Date: Tue, 16 Aug 1994 09:59:27 +0000 From: Brian Gowland <B.Gowland at rhbnc.ac.uk> (Tel +44 784 443167) Subject: Re: Mini-Kegs draft system. In HBD 1502, Arturo Portnoy <portna at rpi.edu> wrote: > I am thinking about buying a minikeg system. The > brands name is Fass Frisch or GWKent. I would like to > hear your opinions......[SNIP] I have three Fass-Frisch mini-kegs plus a plastic airpump. I am very pleased with them and intend to build my collection with a few kegs every month. The plastic airpump works well but seems a little fragile. I can't say anything about either of the CO2 injectors that you can get as I haven't tried them. One word of warning - the instructions say to prime with 1 level tablespoon of fermentable sugar - I've been told that this may be too much and will cause foaming in certain cases - I haven't primed so far so haven't experienced this. There are lots of plus-points to these mini-kegs - my favorite is that I can sit one easily by the side of my armchair when watching a long programme on BBC TV. The BBC is a non-commercial channel so there are no advert breaks where I can rush out to the spare bedroom (brewery) to get another pint. Anyone who has read Dave Line's book "Brewing Beers Like Those You Buy" will know that he would have loved these things for this reason. Cheers, Brian Return to table of contents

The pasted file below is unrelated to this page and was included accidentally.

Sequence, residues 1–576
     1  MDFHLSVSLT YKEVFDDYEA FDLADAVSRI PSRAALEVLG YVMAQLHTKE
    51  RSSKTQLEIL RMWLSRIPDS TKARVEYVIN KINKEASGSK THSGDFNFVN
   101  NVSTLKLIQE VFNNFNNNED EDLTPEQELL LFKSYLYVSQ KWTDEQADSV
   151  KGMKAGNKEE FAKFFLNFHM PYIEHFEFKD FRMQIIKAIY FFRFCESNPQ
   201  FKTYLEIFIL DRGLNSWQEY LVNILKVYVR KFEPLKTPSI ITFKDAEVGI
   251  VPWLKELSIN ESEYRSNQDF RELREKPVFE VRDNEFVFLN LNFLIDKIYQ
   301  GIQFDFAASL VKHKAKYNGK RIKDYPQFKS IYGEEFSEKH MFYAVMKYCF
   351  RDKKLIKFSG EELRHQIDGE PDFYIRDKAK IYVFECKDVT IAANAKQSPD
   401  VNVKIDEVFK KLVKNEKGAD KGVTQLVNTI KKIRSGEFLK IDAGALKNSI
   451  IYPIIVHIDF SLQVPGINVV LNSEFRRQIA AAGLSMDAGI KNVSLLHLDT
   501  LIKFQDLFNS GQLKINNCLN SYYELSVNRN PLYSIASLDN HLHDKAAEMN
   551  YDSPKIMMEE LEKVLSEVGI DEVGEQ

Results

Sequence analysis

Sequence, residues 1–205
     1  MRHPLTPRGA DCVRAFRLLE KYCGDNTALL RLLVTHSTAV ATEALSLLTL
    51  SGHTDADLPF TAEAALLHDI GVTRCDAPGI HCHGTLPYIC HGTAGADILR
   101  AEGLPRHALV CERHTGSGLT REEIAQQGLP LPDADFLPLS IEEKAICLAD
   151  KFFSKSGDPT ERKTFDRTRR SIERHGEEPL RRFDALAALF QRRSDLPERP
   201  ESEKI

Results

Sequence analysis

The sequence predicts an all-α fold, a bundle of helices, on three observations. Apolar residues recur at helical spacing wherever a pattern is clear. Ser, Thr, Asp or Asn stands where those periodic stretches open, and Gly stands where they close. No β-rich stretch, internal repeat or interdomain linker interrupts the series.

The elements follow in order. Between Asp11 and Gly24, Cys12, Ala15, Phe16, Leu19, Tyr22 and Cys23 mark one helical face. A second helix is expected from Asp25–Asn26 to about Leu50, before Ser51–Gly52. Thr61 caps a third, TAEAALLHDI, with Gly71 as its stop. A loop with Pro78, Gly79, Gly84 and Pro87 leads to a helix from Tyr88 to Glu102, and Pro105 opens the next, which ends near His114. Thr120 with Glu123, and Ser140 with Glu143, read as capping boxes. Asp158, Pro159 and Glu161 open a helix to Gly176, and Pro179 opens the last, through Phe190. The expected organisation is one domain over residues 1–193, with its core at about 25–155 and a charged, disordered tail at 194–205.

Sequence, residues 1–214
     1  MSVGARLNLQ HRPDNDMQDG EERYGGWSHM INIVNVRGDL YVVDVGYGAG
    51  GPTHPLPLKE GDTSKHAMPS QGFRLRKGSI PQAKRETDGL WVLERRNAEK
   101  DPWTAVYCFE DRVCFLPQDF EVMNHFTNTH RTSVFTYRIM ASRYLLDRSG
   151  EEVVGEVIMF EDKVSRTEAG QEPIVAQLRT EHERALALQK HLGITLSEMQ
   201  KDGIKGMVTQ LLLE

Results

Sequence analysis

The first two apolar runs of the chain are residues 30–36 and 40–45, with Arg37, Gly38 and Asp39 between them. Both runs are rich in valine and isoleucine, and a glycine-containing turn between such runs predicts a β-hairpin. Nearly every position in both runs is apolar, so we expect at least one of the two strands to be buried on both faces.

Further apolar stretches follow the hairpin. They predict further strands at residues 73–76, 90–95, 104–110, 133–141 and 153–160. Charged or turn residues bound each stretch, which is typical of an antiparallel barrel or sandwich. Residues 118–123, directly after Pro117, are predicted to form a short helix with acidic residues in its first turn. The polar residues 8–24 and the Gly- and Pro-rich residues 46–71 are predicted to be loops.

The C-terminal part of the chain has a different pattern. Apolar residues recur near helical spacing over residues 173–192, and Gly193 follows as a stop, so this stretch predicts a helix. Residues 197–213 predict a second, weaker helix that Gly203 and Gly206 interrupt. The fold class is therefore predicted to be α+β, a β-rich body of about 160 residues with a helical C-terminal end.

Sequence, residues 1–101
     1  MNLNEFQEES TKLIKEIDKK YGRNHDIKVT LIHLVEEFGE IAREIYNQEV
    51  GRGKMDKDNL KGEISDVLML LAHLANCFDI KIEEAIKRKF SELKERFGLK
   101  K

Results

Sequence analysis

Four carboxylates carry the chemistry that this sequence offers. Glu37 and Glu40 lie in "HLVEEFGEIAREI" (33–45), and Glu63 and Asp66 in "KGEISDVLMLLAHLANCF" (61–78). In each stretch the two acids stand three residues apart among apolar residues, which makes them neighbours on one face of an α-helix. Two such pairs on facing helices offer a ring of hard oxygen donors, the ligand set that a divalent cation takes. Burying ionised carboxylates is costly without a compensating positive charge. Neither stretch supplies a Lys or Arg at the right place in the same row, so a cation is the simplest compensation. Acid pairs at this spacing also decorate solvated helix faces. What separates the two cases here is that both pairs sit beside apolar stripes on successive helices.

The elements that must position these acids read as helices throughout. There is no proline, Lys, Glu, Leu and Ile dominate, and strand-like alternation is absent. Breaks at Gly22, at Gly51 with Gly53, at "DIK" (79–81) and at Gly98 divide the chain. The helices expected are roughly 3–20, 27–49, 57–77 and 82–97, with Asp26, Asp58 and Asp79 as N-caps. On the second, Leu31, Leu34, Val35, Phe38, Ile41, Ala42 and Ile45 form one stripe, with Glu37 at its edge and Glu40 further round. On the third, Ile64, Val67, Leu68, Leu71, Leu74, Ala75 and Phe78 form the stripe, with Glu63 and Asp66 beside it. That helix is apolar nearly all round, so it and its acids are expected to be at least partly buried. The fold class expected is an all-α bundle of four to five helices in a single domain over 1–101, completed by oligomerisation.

Date: Tue, 16 Aug 1994 06:27:42 -0400 (EDT) From: PAULDORE at delphi.com Subject: Keep footnotes smaller! If have seen some peoples messages containing HUGE footnotes. Keep them smaller because it wastes space in the HBD and that inturn makes the HBD issues smaller and it takes longer for messages to appear. Yes you should leave your name an email address at the end of a message, but why have a 10-20 line farewell message. Example: [-----------------------------------][---------------------------------] [ ] [ Blah Blah Blah University ] [ xxxxx xxxxxx xxxxxx ] [ Drink Beer of Die......... Give me Hops or Give me Death ] [ Mary had a little lamb...... Super Duper Computa ] [-----------------------------------][---------------------------------] I'm sure you can see my point. I'm not pointing a figure at any person or persons, but you all know who you are... Just leave a farewell like mine.. Short and Sweet pauldore at delphi.com ^^^^^^^^^^^^^^^^^^^ ||||||||||||||||||| See! Return to table of contents